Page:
Step 3: Buy wine that is well looked after, like at the storage door.It is very important to purchase wine from liquor outlets that take appropriate care of their wine, e.g. purchasing direct from the vineyard’s storage door is a great choice. Severe heat or cold, direct sunshine, and remarkable temperature fluctuations are not great for wine. Likewise, before you purchase, make sure the wine is filled up to the neck of liquor, the cork is not pushing out of liquor, and there are no signs of leakage.

Step 4: Enjoy discovering the range and variety of Australian wine.
There are bunches of good reasons to check out all the wines that Australia needs to provide in all its range. Do not simply stay with the widely known ranges like Chardonnay or Shiraz – experiment with other whites like Sauvignon Blanc, Riesling and Gewurztraminer or reds like Zinfandel, and Pinot Noir. Likewise, attempt instances of a certain selection from different wine areas to comprehend how regional conditions have an effect on the wine’s character. Expose yourself to every kind of wine. The more you taste the more you will comprehend and the simpler wine option will become.

Step 5: Buy by the case.
When you find a wine you actually like, think about buying wine by the case (12 bottles). A lot of wineries will provide you a 10 % or 15 % wine price cut when you buy a case of wine or even more.

Step 6: Only rely on your own taste buds.
The supreme goal of wine buying is to purchase wines that taste great to you. Simply due to the fact that a business, pal or wine writer says a wine is good doesn’t mean you’ll like it.

And herein lies one of the most significant perks of a lot selection: you make sure to discover wines that are best for your own special palate. All you need is just a little knowledge as described above and the willingness to check out.

And a lot of significantly, be open to the possibilities and then, make note of them and learn from them.

Nederburg Private Bin R172 Pinotage

by winestore on April 6, 2012

Nederburg-Private-Bin-R172-Pinotage

Tasting Notes
Fresh, lively cherry and floral aromas and flavours resulting in a finely balanced Pinotage with beautifully integrated oak and outstanding maturation potential.

Storage Instructions
This wine can be drunk now but will further improve if carefully stored for up to 10 + years

click here to learn more about Nederburg Private Bin R172 Pinotage

Ferngrove-Orchid-Range-Majestic-Cabernet-Sauvignon-2008

Ferngrove Orchid Range Majestic Cabernet Sauvignon 2008
Rich and intense wine with flavours of mulberry, blackcurrant and blackberry overlaid with cedar notes derived from the French oak.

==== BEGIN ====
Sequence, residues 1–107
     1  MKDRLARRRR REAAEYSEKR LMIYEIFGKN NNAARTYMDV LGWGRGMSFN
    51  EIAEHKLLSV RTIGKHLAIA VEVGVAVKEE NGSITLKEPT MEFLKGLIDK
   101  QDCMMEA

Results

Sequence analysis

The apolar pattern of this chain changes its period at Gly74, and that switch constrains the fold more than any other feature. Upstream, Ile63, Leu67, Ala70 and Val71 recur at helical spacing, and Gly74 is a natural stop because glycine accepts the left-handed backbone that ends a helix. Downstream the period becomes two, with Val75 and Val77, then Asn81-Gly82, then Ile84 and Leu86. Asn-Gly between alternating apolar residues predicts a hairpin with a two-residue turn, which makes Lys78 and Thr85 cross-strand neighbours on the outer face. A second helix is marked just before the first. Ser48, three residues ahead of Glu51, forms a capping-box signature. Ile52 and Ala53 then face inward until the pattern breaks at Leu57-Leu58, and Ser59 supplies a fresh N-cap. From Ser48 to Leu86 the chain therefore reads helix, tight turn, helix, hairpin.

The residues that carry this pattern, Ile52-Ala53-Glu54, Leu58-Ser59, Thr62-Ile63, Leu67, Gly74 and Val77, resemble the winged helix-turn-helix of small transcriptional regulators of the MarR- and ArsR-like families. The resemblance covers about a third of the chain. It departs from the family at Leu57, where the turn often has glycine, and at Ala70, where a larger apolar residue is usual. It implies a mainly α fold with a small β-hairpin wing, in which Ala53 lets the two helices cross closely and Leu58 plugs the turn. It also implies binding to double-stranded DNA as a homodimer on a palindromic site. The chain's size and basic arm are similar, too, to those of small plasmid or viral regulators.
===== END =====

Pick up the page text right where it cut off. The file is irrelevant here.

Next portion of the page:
The fine tannins are and elegantly layered leading to along finsh.

click here to learn more about Ferngrove Orchid Range Majestic Cabernet Sauvignon 2008

Antaño Rioja Joven

by winestore on April 2, 2012

antaño-rioja-joven

Tasting Notes
Clean, ruby red wine with rich blackcurrant flavours and a hint of violet and spice.

Silky and elegant with a long lasting finish.

Ideal served with pasta, meats or lightly spiced food.

click here to learn more about Antaño Rioja Joven

Casillero del Diablo Reserva Shiraz

by winestore on April 1, 2012

casillero-del-diablo-reserva-shiraz

Tasting Notes

A fruity, full-bodied Shiraz packed with forest-fruit flavours and a hint of bitter chocolate and black pepper.

Food Match: Perfect to pair with pizza, spicy food and red meat dishes.

click here to learn more about Casillero del Diablo Reserva Shiraz

Casillero Shiraz Rosé

by winestore on March 31, 2012

casillero-del-diablo-shiraz-rose

Tasting Notes

A medium-bodied dry rosé packed full of blackberry and raspberry flavours with a dash of spice and a crisp, fresh finish.

Food Match: Perfect to savour on its own well chilled or to pair with salads and grilled meat.

Storage Instructions
Casillero Shiraz Rosé is ideal for drinking now but can be kept for up to 2 years

click here to learn more about Casillero Shiraz Rosé

Château Suduiraut 2005, Sauternes

March 30, 2012

Tasting Notes An exceptional dessert wine with fresh pineapple aromas and glorious notes of honey and vanilla. A rich, fruity and creamy palate. click here to learn more about Château Suduiraut 2005, Sauternes

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Henschke Tilly’s Vineyard 2007, Barossa

March 29, 2012

Tasting Notes Grapefruit, nectarine and peach flavours on the nose together with a tantalising grassy note from the Sauvignon Blanc. The ensemble is a really refreshing wine with plenty of zippy freshness on the finish. Storage Instructions Store away from strong light, vibration. At constant temperature 10C – 15C click here to learn more about […]